“There’s no impact to human health!” Really? (Ohio)

Oct 6, 2011


“Can turbines generate health problems?”

This image was not part of the original article—Editor

—Lou Wilin, The Courier.com (Ohio), 10/5/11

Living close to wind turbines can hurt your peace of mind, job performance and health, according to some health experts and researchers.

“If you’re within a mile, you’re asking for trouble,” said Alex Salt, an otolaryngology professor at Washington University in St. Louis.

Air Energy TCI, a company which plans to erect wind turbines between Arcadia, Fostoria and New Riegel, would locate some within one-third of a mile of a home, the company’s development manager, Rory Cantwell, said Tuesday. He said Air Energy’s standard exceeds the state standard by more than 500 feet.

Brett O’Connor BA Civil Engineering, TCI Renewables, from theĀ website

“(Wind turbines) don’t emit enough noise to do any permanent damage,” said Brett O’Connor, operations director for TCI Renewables in North America, the parent corporation of Air Energy. “All thoroughly peer-reviewed, properly conducted scientific analysis has concluded that there is no impact to human health.”

Professor Alec Salt, PhD, Department of Otolaryngology, School of Medicine, Washington University (St. Louis, MO)

But Salt, who has studied the ear for 37 years, said wind turbines can, and do, cause some people problems. He has company.

In her book, “Wind Turbine Syndrome,” Dr. Nina Pierpont of Malone, N.Y., tells about some neighbors of wind turbines experiencing ear and health problems.

Sleep disturbance, memory and concentration problems, headaches, dizziness and nausea, and ringing or buzzing in the ears are among their troubles, Pierpont said. Those problems can lead to further health deterioration, said Pierpont and Salt: high blood pressure and heart palpitations.

Nina Pierpont, BA (Yale), MA & PhD (Princeton), MD (Johns Hopkins), formerly clinical professor of Pediatrics, College of Physicians & Surgeons, Columbia University (NY)

“There are really distinct effects on susceptible people,” Pierpont said. “You just can’t function in this. It’s like you’re wading through mud mentally. You’re sick.”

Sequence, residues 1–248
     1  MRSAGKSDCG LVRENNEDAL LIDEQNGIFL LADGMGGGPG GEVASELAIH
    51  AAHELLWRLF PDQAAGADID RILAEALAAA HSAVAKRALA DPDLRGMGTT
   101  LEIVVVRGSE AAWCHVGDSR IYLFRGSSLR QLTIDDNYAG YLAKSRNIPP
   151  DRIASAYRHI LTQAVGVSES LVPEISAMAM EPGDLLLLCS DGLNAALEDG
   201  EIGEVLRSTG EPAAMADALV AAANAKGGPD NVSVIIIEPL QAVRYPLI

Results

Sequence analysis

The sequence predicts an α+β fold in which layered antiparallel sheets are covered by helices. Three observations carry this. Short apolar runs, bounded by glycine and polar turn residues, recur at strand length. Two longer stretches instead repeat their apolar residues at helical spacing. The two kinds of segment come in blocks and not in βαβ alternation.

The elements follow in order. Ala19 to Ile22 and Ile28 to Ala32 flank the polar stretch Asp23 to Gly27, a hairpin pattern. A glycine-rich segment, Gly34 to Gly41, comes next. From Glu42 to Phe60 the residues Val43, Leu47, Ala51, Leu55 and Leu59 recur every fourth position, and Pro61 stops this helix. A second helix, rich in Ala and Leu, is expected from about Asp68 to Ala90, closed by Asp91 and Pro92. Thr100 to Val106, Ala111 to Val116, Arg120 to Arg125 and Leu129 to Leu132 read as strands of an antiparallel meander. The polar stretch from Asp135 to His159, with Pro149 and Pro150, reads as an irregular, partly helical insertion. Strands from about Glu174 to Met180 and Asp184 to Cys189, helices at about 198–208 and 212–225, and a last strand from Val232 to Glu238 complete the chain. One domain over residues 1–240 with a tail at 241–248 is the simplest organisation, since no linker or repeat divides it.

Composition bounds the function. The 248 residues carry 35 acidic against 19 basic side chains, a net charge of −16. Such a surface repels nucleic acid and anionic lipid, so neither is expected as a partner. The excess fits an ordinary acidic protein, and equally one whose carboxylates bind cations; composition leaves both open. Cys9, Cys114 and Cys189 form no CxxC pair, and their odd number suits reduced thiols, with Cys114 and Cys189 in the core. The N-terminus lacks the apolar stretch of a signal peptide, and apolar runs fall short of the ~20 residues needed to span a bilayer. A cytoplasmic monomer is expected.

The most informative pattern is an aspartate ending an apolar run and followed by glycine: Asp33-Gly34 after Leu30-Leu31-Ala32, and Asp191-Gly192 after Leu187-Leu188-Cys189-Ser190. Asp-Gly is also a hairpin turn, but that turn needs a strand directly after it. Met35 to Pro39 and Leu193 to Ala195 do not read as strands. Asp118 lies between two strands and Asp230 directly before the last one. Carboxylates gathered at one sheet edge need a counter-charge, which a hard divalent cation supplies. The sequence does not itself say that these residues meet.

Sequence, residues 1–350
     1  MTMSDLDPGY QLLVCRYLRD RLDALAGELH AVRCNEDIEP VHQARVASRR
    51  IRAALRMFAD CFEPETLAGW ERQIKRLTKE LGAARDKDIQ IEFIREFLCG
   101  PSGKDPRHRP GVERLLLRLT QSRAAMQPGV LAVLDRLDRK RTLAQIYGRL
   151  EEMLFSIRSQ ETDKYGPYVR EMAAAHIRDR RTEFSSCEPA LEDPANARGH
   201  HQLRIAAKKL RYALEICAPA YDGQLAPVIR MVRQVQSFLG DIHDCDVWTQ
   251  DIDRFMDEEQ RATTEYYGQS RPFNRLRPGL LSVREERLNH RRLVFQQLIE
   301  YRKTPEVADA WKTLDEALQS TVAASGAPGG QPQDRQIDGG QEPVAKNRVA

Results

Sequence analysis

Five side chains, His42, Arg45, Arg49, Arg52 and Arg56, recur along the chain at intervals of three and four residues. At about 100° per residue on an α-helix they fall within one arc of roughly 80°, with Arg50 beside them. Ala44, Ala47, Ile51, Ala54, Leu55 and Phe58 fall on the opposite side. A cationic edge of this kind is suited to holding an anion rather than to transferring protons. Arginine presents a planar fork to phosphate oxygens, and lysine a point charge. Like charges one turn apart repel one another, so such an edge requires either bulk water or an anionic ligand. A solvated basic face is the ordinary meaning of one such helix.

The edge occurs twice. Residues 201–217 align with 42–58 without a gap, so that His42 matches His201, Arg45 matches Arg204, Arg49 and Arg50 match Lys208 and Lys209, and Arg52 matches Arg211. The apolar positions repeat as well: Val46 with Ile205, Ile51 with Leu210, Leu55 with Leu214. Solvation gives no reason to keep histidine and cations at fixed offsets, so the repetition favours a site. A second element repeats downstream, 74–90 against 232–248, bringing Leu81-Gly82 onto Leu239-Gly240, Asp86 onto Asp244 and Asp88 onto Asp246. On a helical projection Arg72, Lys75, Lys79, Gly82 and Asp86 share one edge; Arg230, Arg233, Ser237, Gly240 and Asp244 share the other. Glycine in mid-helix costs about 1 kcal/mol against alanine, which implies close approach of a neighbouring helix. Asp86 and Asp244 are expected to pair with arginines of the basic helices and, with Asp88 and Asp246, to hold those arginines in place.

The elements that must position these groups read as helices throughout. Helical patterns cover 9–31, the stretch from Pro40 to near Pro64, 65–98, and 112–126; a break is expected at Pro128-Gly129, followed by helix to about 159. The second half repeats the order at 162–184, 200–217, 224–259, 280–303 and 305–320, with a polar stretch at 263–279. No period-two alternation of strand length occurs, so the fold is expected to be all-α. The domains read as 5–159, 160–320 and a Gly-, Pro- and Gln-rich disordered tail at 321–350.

Susceptible are those older than 50; those with migraine disorder, motion sensitivity, and existing inner ear damage from, say, exposure to industrial or military noise; and toddlers and early school-age children, she said.

Wind turbines produce low-frequency sounds, which the industry says cause no trouble because people do not hear them.

“That’s absolutely false,” Salt said. “The ear is designed so you don’t hear low-frequency sounds, but it isn’t insensitive to them. Those sounds are still going in and they are still being transfused. Even though you don’t hear it, it wakes you up.”

Salt said people over time have adapted to not notice their own body’s low-frequency sounds, like breathing and heartbeat. But when it comes to wind turbine sounds, sooner or later the brain notices they come from outside the body, and that’s when the trouble starts, Salt said.

For some, the trouble starts within a few weeks. For others, it happens immediately.

“People have difficulty describing the problem they’re having. It’s not a sound you’re hearing. It’s an uncomfortable feeling in your ears,” Salt said. “It’s a perceiving. You’re not hearing. It’s a fullness or a stuffiness in your ear.”

“It’s an odd feeling,” he said. “It’s close to motion sickness.”

Unfortunately, by the time residents experience problems, the wind farm has set up shop and enlisting its help is difficult, said Carmen Krogh, a board member for the Society for Wind Vigilance in Killaloe, Ontario. Wind turbines are more pervasive in Ontario than in Ohio.

“Once the turbines are established, it’s hard to get any kind of resolution to health troubles,” she said.

The health of those affected can deteriorate while they battle for years with a wind turbine company, Krogh said. Some people have abandoned their homes, rented elsewhere or moved in with a relative, she said.

  1. Comment by Jo B on 10/06/2011 at 11:59 pm

    Please go to The Courier.com website. Up on the right-hand side you can pull down articles on wind farms from Wednesday, local news. Please read both of the articles and leave comments after each.
    letter to editor
    It would help greatly if you would write a Letter to the Editor, but you must sign your name. Send to Letter to the Editor, The Courier, 701 W. Sandusky St, Findlay, OH 45840

    I’m sure you can find a way to email a letter to the editor on their website. Any help is appreciated.